The notion that the contentiousness of the Louisville-Kentucky rivalry has fallen off in the post-Pitino era is in the process of being put to bed.
Earlier this week, Cardinal head coach Chris Mack said publicly that he wasn’t sure if the annual “Battle of the Bluegrass” game would take place because of the unique circumstances surrounding ... well, everything.
“I don’t know,” Mack said of playing UK. “Where is the equity of Kentucky coming here in front of no fans and then having to go back to Rupp Arena in front of 21,000 fans? But I recognize and we recognize the best rivalry in all of college basketball. If there was somehow we could do this at a neutral site, again that’s without talking to Kentucky and what their scheduling holds.”
Mack took a similar stance when the topic of playing a previously scheduled game against old U of L rival Cincinnati was brought up.
On Friday, Calipari responded in a tone eerily similar to the one he took when engaging in wars of words with Mack’s (non-interim) predecessor.
“Chris and I have talked and he expressed his concerns,” Calipari said in a statement provided to the Courier Journal. ”While I understand the difficulty and the complications created by the pandemic, we are prepared to come to Louisville to play this season under the previously agreed upon terms, and we fully expect Louisville to honor the agreement with a return game to Rupp Arena next season.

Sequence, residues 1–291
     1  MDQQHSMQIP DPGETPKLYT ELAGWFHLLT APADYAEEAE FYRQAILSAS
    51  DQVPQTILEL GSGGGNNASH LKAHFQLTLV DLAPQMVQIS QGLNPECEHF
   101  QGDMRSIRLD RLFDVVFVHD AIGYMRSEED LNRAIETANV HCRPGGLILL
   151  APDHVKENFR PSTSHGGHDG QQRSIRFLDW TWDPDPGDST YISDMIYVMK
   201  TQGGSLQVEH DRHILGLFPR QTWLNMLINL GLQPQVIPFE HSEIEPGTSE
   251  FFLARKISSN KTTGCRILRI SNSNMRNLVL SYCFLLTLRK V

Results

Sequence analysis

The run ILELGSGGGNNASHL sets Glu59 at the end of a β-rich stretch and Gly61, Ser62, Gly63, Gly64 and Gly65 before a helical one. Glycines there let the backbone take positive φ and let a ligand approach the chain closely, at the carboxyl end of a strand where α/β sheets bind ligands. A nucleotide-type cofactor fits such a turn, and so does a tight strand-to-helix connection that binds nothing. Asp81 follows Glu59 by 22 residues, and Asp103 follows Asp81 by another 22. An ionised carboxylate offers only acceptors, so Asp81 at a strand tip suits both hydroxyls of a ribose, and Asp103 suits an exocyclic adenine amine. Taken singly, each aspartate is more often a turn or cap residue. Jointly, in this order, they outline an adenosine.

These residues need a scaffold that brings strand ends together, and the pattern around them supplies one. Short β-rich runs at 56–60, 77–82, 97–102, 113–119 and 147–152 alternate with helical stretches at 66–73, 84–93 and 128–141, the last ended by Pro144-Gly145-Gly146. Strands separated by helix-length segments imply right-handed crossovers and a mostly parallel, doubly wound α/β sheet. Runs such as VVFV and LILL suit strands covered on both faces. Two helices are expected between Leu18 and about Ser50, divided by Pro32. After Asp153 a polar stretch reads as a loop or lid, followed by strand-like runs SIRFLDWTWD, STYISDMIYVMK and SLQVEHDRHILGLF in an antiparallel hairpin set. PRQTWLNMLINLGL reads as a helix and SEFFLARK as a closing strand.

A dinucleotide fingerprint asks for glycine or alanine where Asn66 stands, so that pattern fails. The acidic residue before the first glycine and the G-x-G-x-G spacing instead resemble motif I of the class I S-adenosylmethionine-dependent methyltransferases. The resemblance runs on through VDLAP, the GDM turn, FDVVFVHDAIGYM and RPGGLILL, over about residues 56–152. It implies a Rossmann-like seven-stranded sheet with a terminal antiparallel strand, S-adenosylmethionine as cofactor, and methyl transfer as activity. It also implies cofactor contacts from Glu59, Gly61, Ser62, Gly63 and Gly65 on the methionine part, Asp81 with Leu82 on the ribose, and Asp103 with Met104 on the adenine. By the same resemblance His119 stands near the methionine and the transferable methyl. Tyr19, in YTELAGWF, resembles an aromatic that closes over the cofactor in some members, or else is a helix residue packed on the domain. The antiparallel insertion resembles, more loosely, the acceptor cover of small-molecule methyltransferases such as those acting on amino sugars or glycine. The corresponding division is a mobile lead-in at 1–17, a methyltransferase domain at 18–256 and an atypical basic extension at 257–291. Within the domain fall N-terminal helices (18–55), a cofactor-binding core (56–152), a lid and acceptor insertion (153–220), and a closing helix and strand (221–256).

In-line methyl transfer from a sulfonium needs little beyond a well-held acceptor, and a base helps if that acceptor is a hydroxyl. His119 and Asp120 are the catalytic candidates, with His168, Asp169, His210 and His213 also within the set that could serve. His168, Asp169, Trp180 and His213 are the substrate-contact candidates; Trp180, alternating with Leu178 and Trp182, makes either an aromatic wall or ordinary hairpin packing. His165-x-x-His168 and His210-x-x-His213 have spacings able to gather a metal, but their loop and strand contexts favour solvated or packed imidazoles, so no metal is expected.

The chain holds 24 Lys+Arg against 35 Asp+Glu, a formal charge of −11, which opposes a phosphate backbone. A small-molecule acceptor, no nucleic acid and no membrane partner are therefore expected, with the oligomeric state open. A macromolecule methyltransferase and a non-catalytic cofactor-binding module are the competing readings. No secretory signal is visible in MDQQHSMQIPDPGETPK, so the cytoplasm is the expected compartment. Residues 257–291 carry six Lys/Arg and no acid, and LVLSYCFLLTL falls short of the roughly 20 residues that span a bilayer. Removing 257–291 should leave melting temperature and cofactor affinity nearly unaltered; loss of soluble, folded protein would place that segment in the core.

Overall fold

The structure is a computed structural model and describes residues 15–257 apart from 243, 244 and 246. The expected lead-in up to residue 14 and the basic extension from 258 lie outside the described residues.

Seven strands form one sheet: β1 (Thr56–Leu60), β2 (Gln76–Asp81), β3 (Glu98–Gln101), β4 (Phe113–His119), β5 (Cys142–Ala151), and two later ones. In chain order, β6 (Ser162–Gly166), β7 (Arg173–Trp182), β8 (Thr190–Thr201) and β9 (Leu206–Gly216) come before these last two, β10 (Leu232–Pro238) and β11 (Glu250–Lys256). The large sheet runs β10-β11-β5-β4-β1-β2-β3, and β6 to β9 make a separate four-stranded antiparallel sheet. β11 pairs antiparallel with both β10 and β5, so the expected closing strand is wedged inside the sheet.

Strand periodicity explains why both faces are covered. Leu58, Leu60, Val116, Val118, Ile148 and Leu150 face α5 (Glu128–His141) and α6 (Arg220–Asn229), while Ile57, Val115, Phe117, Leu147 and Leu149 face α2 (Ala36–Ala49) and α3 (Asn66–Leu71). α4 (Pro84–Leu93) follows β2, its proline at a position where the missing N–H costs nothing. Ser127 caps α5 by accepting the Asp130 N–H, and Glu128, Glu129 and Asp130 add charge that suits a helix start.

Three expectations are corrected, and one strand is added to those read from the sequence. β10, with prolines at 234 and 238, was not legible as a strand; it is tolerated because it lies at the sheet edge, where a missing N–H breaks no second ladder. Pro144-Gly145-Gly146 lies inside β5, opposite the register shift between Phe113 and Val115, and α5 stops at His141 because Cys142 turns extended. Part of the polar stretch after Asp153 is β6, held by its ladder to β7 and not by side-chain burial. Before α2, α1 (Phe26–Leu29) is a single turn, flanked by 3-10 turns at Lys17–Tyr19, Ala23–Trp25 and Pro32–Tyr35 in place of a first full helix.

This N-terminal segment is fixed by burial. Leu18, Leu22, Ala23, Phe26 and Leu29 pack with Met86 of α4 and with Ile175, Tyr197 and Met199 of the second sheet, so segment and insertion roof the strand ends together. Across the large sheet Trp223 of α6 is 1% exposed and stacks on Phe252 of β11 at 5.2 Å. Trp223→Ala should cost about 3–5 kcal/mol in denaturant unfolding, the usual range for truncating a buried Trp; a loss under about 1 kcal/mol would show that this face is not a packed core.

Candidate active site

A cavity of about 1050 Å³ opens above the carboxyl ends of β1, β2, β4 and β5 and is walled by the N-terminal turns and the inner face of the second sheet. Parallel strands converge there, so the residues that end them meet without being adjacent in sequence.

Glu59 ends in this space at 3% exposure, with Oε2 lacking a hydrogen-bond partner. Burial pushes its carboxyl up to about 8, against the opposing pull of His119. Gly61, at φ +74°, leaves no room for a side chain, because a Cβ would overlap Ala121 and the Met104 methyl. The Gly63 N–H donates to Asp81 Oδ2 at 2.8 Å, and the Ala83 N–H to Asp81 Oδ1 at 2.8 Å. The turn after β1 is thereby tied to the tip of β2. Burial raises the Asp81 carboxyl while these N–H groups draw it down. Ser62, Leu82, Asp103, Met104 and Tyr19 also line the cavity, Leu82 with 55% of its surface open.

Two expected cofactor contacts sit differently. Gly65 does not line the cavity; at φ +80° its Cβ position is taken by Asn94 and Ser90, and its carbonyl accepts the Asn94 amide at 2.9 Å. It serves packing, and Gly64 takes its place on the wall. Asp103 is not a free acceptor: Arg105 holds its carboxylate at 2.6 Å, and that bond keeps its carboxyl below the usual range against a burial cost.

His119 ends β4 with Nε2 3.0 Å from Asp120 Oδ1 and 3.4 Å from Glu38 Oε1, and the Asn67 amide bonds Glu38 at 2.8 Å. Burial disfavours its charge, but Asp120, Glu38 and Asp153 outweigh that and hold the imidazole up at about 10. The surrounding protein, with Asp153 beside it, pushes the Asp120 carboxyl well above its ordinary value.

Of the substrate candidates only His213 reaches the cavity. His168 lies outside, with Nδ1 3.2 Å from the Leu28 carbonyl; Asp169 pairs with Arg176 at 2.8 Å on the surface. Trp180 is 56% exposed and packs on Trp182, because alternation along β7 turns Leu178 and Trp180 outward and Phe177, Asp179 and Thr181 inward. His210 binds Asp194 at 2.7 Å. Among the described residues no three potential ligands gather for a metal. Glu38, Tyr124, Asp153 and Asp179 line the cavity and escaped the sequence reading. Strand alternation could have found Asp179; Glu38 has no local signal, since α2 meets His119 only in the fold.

“We are contracted to play Notre Dame and a Big 12 opponent for the SEC/Big 12 Challenge in Rupp Arena this season and we are honoring those contracts even if it is with little or no fans. It is no one’s fault we are in a pandemic. We cannot predict the future with this virus whether that’s this December or next December. My hope is they are not trying to end this series because it is important for this state that we play.”
So, then, I guess, it’s on.
Like we said yesterday, Mack’s concern is completely valid and understandable, but this is one of those situations where it’s probably just not going to matter. My hunch is that a majority of Louisville fans would accept the game being played on the double rims at Seneca Park if the alternative is it not being played at all.
Calipari, of course, knows all this, which is why he can feel safe in dishing out a pretty weighty response. The “I hope these wimps aren’t trying to get out of this series” note is an especially loaded toss of chum to the sharks.
Look, the rivalry probably needed a jolt like this, and it’s going to be a good thing in the long-term, but it probably didn’t need to happen this week with everything taking place in the city. But it’s out there now, and that’s all that matters.
The brief era of Mack-Calipari cordiality has come and gone.